When could you fit in some time this week to sit back and let your mind wander? I would love to hear what you discover.

The Writing Habit

keyboard flat

My plan for the New Year, even though I have been on holidays, was to write every day. This hasn’t quite happened, partly because I have allowed the holidays to wash over me by sleeping in, sitting up late watching telemovies and quality time with the family. All of which have been important in keeping me sane but not so good for my writing plans.

It is time to revisit the key steps I know work for my writing flow…

 

Set a time

I usually rise at the same time every day to write. It is that quiet time before the rest of the household is awake that I find an easy peace that helps the words to flow. Last year I was waking just before the alarm and so ready to go. I am attempting this year to wake a little earlier to create a little more time. And that may take a little bit of practise.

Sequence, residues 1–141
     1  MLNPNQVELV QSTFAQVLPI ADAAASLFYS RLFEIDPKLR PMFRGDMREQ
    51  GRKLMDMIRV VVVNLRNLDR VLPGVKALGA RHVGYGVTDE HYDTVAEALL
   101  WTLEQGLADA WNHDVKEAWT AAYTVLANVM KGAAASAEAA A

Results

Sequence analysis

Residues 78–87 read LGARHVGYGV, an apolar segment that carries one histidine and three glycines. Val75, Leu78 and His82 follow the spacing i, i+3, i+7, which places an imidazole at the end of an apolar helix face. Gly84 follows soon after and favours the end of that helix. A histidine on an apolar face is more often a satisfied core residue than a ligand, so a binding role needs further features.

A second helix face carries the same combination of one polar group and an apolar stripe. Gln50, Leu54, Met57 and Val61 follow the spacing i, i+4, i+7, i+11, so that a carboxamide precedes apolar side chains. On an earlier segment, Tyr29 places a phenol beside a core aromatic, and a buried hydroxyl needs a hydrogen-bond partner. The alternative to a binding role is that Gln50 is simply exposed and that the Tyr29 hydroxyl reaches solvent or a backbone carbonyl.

This hasn’t been working so well yet. I think that is because my brain is in holiday mode. I am back to the day job this week and the extra pressure on my time should help push me out of bed of a morning, and hence to bed earlier of a night so that I am refreshed when I do get up.

 

Routine

It is empowering knowing that I am starting my day with the most important part of my life, my writing.

It is doing this at the same time every day that it becomes habit.

Habit triggers are also useful. I don’t just sit at the computer; I always make a cup of tea first. So I go straight to the kettle and switch on, then to the laptop (usually in the kitchen or study) open lid, read the last few sentences to review where I’m at. Then back to kettle to make tea and when I take my tea to the laptop my mind is already working on the scene and I’m ready to start.

 

Plan

Preparing yourself for a writing session greatly decreases the chance of procrastinating.